This might seem like a silly idea for an article – “one foot after the other” right? The hike up Ella Rock offers stunning views over the valley and great fun walking along the train tracks, but can be a little confusing if attempting on your own. You can hire guides in Ella or along the way, but we hope this post helps you if you want to attempt it on your own.
- Distance: 8 – 10 KM (depending where you start)
- Time: 4 hours return (approx.)
- Difficulty: Moderate
- What to bring: Water, sunscreen, shoes (not flip flops), camera
Some people recommended we leave early in the morning to beat the heat and the crowds, but our homestay did a great breakfast and we’d had a few drinks the night before, so we didn’t set off until about 10:00AM. Don’t let the cool nights in Ella fool you, it can still get stinking hot during the day, especially on this walk when you are often totally exposed to the sun. That said, it was definitely doable in the middle of the day – we had no issues and even though it was a Saturday, there weren’t too many crowds.
You start the walk by hopping onto the train track anywhere south of Ella station. From station / town, you walk along the tracks for about 45 minutes until you Kithalella train station. It’s great fun walking along the tracks, there are lots of locals doing maintenance, carrying shopping and even cooking tea. There are a number of trains that run during the day, but you have ample time and warning to move to the side, where there is plenty of space to let the locomotive safely past.
Along the way there are some fantastic views and bridges, and an optional detour to the Small Rawana Waterfall. At various points along the track some enterprising Sri Lankan’s might try to convince you to turn off, but this is mainly a ploy for you to hire them as guides or buy something from a local shop. Politely decline, keep the faith and continue walking until you reach Kithalella train station – you can’t miss it!
From there you continue along the tracks another 200m or so until the turn off, which is a sharp cutting that veers off towards 8 o’clock (shown in the picture above). There are white distance marking signs along the side of the track – you need to go past 166 1/2 and if you see 166 1/4 you have gone too far.
Take the turn off and you will cross a small footbridge over a river where you will likely see some people washing, bathing or cooling off in the water. Continue on through the tea plantations and within a few minutes you will come across a gorgeous little farming community. At this point a number of guides may offer you their services, but feel free to politely decline and keep walking through the village. Some may also attempt to walk with you and ask for a tip at the end, letting them know that you didn’t bring any money is a good way to head this off pretty quickly.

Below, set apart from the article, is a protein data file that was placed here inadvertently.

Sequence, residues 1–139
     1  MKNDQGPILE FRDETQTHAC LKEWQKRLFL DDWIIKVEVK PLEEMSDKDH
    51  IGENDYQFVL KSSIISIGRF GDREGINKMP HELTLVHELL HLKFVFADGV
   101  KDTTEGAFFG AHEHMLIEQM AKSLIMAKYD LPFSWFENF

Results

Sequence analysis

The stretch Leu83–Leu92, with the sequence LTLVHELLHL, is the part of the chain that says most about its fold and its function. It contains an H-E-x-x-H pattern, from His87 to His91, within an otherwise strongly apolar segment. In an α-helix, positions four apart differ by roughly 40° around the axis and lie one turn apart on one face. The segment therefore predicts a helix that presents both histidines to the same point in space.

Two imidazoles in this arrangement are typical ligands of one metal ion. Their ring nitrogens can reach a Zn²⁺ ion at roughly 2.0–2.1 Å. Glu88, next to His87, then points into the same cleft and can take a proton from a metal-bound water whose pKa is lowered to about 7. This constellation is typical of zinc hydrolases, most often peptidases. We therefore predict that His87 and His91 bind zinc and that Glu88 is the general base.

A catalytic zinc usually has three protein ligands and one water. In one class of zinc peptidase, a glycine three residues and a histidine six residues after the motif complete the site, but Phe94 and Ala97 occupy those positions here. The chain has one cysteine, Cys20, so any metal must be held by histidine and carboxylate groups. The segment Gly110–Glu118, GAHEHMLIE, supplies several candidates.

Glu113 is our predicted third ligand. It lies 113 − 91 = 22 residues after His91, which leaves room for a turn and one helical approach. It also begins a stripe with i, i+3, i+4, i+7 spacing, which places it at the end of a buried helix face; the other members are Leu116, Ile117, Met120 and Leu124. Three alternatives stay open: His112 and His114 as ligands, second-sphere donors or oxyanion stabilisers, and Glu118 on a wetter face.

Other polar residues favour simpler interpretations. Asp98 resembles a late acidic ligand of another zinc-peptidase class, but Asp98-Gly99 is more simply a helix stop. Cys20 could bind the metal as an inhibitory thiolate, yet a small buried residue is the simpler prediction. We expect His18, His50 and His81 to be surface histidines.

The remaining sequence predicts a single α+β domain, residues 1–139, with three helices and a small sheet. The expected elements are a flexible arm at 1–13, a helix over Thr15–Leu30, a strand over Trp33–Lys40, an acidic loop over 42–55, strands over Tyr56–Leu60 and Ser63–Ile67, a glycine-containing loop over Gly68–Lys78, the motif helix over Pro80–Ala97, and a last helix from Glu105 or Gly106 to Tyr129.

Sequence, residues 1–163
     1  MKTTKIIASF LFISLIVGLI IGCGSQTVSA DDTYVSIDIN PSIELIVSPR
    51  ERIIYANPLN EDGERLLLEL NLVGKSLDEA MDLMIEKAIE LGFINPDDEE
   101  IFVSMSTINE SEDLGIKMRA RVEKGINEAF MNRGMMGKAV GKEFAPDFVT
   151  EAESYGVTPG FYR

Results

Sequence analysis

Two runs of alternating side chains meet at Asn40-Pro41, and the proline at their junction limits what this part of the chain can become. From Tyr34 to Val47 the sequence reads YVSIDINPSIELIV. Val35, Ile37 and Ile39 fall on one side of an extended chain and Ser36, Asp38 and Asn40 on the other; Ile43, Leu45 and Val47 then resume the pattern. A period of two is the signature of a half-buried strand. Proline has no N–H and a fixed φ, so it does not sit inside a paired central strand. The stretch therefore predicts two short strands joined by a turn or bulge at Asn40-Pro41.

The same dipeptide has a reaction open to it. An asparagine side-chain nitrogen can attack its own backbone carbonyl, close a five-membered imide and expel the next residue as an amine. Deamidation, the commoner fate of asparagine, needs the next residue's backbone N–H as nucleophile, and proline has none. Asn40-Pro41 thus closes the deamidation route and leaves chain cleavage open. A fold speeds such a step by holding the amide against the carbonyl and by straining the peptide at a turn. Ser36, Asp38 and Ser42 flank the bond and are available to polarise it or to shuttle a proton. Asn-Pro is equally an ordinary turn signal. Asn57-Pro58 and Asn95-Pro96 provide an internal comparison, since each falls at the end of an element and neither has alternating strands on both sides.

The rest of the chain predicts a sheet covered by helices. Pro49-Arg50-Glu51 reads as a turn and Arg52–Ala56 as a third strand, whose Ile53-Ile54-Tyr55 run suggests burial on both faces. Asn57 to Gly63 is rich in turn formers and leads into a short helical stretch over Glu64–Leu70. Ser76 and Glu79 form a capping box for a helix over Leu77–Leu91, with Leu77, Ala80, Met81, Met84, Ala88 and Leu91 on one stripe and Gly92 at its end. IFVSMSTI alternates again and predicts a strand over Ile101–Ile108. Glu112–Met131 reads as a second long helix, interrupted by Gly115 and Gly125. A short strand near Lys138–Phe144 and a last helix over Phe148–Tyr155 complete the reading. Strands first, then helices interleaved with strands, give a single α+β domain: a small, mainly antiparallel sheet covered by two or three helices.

There are quite a few pathways heading in and out of the village, but they all seem to join up eventually as you start your ascent through the forest. After 20 to 40 minutes (depending on your walking speed) you will come to a T junction with an amazing outlook over Ella valley. Here we found a couple of people selling ice creams and water. It’s a great place to rest, take in the view and catch your breath.
When you’re ready for the final part of the ascent, head right and follow the well-worn path to the summit. Again, there are a couple of options – the straighter path (to the left) is more direct but a little steeper, while the path to the right winds around through the forest a little more. Both paths end up on a small dirt access road that takes you out onto the rock. This is the most difficult part of the walk, but you are mostly shaded by huge trees and it doesn’t last too long.
When you reach the top you’ll see a small hut that is under construction and a couple of vendors selling water and tea. Past them is the rocky outcrop that offers spectacular (and vertigo inducing) views over the town and valley. If it’s busy, you can continue past the hut and around the top of the hill, where there are plenty of other great spots to sit and enjoy the vistas.
We spent about 45 minutes enjoying the views from the top of the climb before starting down towards the bottom. It’s much easier to find your way back, though it’s still quite steep so watch your step and be careful of your knees. You can reward yourself with an ice cream or coconut at the farming village at the bottom, before walking back along the tracks and into town.
If after all this your legs can manage the stairs up to the third level of Chill Lounge, we highly recommend finding a beanbag, ordering a rice and curry or their speciality Lamprais (meat, curries and egg steamed in a banana leaf) and downing a couple of ice cold Lion Lagers to recharge the batteries – you will have earned it!